September 2009, Volume 30, Issue 7
Published by AEGIS Communications
Hiossen Introduces the New HG III Implant
Hiossen Inc is the US subsidiary of the Osstem Company based in South Korea, which has been manufacturing dental implants for 12 years. Opening 3 years ago and now with 10 offices across the country, Hiossen has grown along with the recent growth seen in implant dentistry.
Justin Tarpey, Marketing Coordinator, says, “Several factors are affecting this growth: patient awareness and acceptance; increasing insurance coverage; and the involvement of the general dentist.” Tarpey attributes the elective-related growth in implants, even in the present economy, to general dentists educating their patients about implant therapy. “Only specialists were placing implants for the first 25 years,” Tarpey explains. “Now GPs can keep the process simple and comfortable for their patients.”
Hiossen just introduced the HG III implant, which is unique in that it has four main features only some of which other implants incorporate: an aggressive thread design, self-tapping capability, integrated platform switching, and a Morse taper connection. The HG III’s dual thread design has wider threads at the bottom and narrower threads at the top, distributing stress evenly. The implant design also reduces heat during placement, which can cause “the cells to burn out,” according to Tarpey.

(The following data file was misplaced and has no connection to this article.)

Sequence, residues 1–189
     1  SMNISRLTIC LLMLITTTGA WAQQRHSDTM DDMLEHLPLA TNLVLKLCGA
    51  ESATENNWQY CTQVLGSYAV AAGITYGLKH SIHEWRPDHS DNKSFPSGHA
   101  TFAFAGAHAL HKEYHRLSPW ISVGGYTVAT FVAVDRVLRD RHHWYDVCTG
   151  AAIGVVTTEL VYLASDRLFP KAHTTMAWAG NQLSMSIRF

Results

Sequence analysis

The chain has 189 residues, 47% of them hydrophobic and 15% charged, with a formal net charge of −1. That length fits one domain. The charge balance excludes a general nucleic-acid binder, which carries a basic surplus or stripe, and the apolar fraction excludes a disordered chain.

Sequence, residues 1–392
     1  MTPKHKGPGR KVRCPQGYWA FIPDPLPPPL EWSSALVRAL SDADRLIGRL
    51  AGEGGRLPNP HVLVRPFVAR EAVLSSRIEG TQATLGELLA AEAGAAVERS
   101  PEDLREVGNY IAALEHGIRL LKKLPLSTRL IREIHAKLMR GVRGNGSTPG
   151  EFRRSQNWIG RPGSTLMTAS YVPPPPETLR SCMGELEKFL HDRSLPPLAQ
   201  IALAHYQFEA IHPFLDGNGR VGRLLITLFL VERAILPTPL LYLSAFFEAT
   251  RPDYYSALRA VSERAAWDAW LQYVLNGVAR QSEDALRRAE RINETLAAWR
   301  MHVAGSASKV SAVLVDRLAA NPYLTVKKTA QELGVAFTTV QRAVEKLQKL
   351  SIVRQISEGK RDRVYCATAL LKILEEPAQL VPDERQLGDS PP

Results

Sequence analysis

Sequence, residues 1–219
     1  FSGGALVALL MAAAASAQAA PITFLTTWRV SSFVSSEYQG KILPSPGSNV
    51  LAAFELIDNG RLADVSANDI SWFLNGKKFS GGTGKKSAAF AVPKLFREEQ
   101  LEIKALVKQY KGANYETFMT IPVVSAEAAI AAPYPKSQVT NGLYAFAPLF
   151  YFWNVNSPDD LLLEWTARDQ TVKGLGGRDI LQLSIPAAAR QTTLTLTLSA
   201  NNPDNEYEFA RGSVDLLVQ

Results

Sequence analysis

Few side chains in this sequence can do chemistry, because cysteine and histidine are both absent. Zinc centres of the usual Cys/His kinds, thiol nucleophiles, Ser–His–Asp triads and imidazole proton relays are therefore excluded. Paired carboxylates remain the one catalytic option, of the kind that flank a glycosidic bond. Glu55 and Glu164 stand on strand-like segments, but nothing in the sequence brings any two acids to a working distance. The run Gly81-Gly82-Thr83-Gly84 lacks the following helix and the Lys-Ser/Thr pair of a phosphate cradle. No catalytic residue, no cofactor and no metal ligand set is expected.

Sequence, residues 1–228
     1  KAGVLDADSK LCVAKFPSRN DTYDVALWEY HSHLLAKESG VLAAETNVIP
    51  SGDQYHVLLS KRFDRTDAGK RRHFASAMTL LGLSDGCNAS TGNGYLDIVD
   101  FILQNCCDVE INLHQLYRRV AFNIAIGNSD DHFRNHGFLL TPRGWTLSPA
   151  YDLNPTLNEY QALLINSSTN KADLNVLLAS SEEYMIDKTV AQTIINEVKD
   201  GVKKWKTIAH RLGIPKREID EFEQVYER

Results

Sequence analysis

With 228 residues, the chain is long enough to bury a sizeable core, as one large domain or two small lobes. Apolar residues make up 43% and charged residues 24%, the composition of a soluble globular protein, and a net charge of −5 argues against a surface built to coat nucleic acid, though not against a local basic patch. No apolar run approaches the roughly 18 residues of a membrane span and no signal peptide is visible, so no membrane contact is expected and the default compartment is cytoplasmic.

The three-cutting-edge design at the apex of the implant eliminates the need for tapping, and the integrated platform-switching design minimizes bone loss and provides more prosthetic options—different widths of abutments can be used without changing the implant size. The Morse taper allows for a tight conical connection; however, if the crown loosens, the abutment remains locked in place.
The HG III has a resorbable-blasted-media, hydroxyapatite-coated surface to enhance early cell attachment. Notably, the HG III is made in the US.
Hiossen surveys clinicians regarding how implant placement can be simplified and be less technique sensitive. The company then tests the technologies through a rigorous scientific process, looking for the best and easiest ways to accomplish implant techniques correctly. Hiossen is examining more innovative surface treatments, especially new bone morphogenetic protein options. The company sponsors study clubs and offers implant training from basic to advanced levels at 10 US locations. They also provide a patient consultation brochure to help clinicians explain treatment options, including the pros and cons of other treatment methods. Another patient educational tool developed by Hiossen is a clear plastic model of the mouth that shows patients how small implants are and how they fit into their anatomy in real-life dimensions. “This helps put patients at ease,” Tarpey says.
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